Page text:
Another two ways to communicate are emails and blogs/message boards.  Emails seem easy, but depend on the level of ability to access email and there being a set goal to each email.  There is also the added issue of the fact that Chinese classes are often much larger than American classes, even public school American classes. So pairing kids is tricky at best.  We have yet to create a great solution for this, but I admit pairing is ideal.  This will enable the kids to get to know each other and to really work together in a more meaningful way.

However, blogging/messaging boards have real promise.  Yet, many are blocked in other nations.  A great website to test if a site is blocked in China is:   (there are other websites which do this for other nations as well) However, this alone is not definitive. I strongly suggest emailing your chinese contact to confirm the site works before the project is even assigned. Setting up a website (even if you have to pay up to $100 to set one up for the year) is vital to any communication frequently occurring.  If a website that you create has a section for students to post comments on a given topic, you now have a forum for your students to converse with their students. This is the meat and potatoes of the communication.  Fortunately most students we worked with had extremely good English skills.  However, thanks to google, if their students don't have particularly good english, it can be translated and tweaked by their teacher so your students can understand it.  This posting makes the learning come alive for the kids and they get a huge thrill when seeing a student from over 6,000 miles away respond to something they wrote.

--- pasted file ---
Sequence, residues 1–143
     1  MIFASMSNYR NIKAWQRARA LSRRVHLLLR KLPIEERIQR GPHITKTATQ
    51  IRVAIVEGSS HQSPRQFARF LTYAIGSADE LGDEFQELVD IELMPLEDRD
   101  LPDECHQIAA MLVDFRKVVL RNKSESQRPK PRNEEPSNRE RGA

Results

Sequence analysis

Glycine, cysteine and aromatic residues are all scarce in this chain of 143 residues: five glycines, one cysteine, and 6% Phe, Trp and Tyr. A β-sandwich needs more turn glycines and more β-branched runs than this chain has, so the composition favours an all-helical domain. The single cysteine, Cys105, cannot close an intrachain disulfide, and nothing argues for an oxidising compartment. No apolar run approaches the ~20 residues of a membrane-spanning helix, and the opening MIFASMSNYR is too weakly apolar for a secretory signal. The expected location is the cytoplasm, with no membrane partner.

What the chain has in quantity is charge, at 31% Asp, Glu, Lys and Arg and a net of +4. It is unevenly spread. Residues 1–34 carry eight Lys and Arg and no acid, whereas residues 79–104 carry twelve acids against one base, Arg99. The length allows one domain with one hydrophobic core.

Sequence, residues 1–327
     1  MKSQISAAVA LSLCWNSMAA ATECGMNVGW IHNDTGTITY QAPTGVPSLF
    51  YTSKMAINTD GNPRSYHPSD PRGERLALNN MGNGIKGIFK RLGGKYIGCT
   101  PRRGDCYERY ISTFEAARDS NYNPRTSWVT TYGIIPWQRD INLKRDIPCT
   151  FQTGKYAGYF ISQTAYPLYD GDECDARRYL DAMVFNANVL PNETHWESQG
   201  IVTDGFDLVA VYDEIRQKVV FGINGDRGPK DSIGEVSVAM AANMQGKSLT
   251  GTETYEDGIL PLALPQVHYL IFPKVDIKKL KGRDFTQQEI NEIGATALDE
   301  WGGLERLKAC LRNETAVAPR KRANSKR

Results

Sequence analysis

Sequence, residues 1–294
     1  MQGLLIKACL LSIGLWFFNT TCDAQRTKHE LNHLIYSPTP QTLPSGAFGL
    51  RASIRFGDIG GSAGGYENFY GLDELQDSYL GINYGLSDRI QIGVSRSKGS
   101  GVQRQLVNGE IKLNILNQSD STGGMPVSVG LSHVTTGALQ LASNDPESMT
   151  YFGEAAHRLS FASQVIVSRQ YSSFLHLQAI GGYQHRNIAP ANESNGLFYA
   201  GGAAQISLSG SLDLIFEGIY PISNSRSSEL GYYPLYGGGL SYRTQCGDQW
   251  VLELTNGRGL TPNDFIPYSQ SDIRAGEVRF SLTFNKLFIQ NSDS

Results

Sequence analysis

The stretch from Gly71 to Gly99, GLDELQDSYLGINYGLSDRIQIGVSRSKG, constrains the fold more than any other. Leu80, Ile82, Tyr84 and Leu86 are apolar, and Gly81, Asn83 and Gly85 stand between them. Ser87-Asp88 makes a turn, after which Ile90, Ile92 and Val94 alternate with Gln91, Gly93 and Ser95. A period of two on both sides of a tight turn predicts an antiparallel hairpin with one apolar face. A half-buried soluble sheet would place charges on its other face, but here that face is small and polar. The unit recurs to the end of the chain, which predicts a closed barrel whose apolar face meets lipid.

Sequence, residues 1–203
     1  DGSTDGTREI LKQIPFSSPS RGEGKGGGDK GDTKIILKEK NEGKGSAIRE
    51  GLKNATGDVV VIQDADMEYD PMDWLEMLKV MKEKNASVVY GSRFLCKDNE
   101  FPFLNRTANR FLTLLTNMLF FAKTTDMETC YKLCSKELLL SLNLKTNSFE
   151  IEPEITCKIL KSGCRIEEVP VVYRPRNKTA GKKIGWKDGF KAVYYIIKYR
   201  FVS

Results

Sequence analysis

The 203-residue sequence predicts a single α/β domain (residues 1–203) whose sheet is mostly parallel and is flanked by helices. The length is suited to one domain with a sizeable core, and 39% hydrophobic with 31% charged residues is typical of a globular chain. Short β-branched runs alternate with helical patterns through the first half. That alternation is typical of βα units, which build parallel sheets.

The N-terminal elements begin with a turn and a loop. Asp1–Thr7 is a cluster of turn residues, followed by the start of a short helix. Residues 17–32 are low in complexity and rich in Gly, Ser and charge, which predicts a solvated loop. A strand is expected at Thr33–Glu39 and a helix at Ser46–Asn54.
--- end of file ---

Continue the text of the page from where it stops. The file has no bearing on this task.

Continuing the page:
The real task we have now is to take this to the next level creating meaningful connections between individuals in a China and individual students here.  Hopefully, the more we engage in these projects and the more opportunity for back and forth, the more connections our students will develop.  Who knows, in a few years from now, maybe a student of their and a student of ours will open their own business!